Do you check the local weather on your smartphone or computer before you leave for the day? Or maybe you turn on the TV to watch a meteorologist’s broadcast. Have you ever wondered why weather people called meteorologist’s? They don’t study meteors… Anyway, most of us like to know what it’s like outside so that we can dress appropriately for the day, or just crawl back under the covers when it’s dumping rain. The WMR86 Backyard Pro Wireless Weather Station from Oregon Scientific gives you all the weather info you need including temperature, wind speed and rain fall. Let’s take a look.
Note: Click the images in this review to see a larger view.
Wind Sensor with mounting hardware
Temperature & Humidity sensor with mounting hardware
Rain Gauge with mounting hardware
This kit comes with everything you need (except for a screw driver) to setup on the inside and outside of your house.
The temperature & humidity sensor (top sensor in the image above) is powered by 2 AAA batteries and is easily attached to the outside of your house using the included plastic snap in holder and screws. There’s a small LED status indicator on the outside and a Celsius / Fahrenheit temperature switch in the battery compartment.
The wind sensor is powered by 2 AA batteries and comes with a plastic bracket and mounting hardware that will allow you to screw it into a flat surface or attach it to a post like I’ve done.
There are two parts of the wind sensor that move. On the top is a flag shaped arm that swivels to capture the wind direction. Note that after I took the picture above, I noticed that I had the sensor pointing the wrong direction. The instructions say to make sure that it’s pointed North and I had it pointed South…
The part on the bottom with the three cups rotates to record wind speed, so it’s important to locate the wind sensor in a relatively open area away from trees and other obstructions.
The other outdoor sensor is the rain gauge, which is powered by 2 AA batteries. The instructions advise you to mount it in the open 3 feet or so from the ground. I ended up mounting it on a bench on our back patio that we never sit on.
Inside the gauge is a little cup that collects rain water and automatically dumps it out when it gets full. In my infinite brilliance, I didn’t realize that the cup was taped to keep it from flopping around in shipment. I kept wondering why the gauge wasn’t working and finally took it apart to discover the tape. Moral of the story… even when you think you’re too smart to read directions, do it anyway
After all of the outside sensors are installed, you’re ready to start viewing their data on the base station.
The base station has a large LCD display (2.75 x 4 in) that includes a backlight button that lights the display for 5 seconds when pressed. The display is separated into 4 sections. The top section has a large graphic that represents the current weather status. As you can see, when I took the image above, it was a rainy day. Below the weather graphic is the current temperature and the humidity level. The arrow buttons cycle through channels 1-3 if you have additional temperature sensors. It will also allow you to see the indoor temperature and humidity level. Small arrows on the display next to the readings tell you if the temp/humidity levels are going up, down or remaining the same. In the image above, you can see that the outdoor temp is going down, but the humidity level is steady.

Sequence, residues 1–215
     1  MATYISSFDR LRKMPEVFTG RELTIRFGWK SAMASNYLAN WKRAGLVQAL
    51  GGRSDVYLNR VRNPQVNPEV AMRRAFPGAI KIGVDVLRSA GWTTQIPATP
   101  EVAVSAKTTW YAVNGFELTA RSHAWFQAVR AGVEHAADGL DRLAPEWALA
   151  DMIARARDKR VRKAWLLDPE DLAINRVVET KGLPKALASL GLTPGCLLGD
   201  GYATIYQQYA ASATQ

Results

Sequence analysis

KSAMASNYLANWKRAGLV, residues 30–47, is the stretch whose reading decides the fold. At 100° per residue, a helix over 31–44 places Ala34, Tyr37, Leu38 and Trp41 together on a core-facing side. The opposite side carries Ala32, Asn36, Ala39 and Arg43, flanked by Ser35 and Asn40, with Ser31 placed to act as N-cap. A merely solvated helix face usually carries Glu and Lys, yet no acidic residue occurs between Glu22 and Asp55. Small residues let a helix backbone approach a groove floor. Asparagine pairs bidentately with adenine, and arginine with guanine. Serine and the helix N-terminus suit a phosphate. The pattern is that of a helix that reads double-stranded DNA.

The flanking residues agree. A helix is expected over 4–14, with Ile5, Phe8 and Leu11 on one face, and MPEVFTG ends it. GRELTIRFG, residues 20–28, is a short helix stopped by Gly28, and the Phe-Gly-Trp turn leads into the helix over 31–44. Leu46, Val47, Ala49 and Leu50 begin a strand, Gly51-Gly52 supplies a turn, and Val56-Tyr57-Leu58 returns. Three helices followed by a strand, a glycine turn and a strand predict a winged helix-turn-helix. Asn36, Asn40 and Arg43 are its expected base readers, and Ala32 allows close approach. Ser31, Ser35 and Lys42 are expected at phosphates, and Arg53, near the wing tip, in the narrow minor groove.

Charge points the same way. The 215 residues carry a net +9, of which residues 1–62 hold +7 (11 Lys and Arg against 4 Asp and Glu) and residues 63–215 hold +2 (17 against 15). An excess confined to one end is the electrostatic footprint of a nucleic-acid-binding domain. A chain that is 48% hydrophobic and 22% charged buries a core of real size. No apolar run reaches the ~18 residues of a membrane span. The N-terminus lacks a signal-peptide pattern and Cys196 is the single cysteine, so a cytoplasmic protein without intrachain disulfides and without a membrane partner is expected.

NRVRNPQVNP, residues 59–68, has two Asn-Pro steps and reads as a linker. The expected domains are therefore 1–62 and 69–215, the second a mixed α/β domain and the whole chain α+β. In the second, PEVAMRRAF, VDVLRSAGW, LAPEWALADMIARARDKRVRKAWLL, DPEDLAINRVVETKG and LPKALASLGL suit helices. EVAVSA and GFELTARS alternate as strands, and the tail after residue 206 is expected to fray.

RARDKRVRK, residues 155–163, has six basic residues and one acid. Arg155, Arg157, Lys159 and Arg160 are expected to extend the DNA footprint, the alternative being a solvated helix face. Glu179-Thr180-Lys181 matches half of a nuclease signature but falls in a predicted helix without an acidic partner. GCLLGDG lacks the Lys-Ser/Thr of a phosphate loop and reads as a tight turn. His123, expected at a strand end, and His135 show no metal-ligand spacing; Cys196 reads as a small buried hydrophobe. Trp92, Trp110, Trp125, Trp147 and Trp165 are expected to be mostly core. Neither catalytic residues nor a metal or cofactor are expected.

Below the temperature section of the display is the wind sensor area where the current wind direction, speed and wind chill info are shown. Pressing the Min/Max button on the base will also toggle between the last minimum reading and maximum reading, with time stamp.
Below the wind sensor section is the rain gauge section that displays the last 24 hours of rain fall data, barometric pressure readings and the last 10 hours of UV index info. Pressing the mode button cycles through these 3 screens in that section of the LCD display. I find this section the hardest to read because the graphs use a very small font to label each axis.
The bottom section of the LCD is reserved for the clock / calendar and moon phase display. The time and date are automatically via radio reception to an atomic clock which automatically adjusts for time zone and daylight savings. You can cycle through 3 ways to view the time/date. Next to the time is a graphical representation of the current moon phase.
I don’t have any complaints about this setup other than the rain gauge graphs area bit hard to read on the mono LCD because they are so small. I’d love a full color LCD, but then the batteries would need constant changing. Speaking of batteries, there is an indicator in each sensor section of the LCD when one of the outdoor sensor batteries is low. That’s a nice touch.
The Oregon Scientific WMR86 Backyard Pro Wireless Weather Station is easy to setup and easy to use. I like the large display that provides all the weather info that you need at a glance. I also appreciate the fact that all the components are powered by regular alkaline batteries that are readily available. Nothing irks me more than gadgets that use expensive and / or not so easy to find odd batteries. Now that Winter is almost here, I’m sure I’ll be consulting this device before I leave for work each morning so I’ll know if I’ll need gloves and a scarf.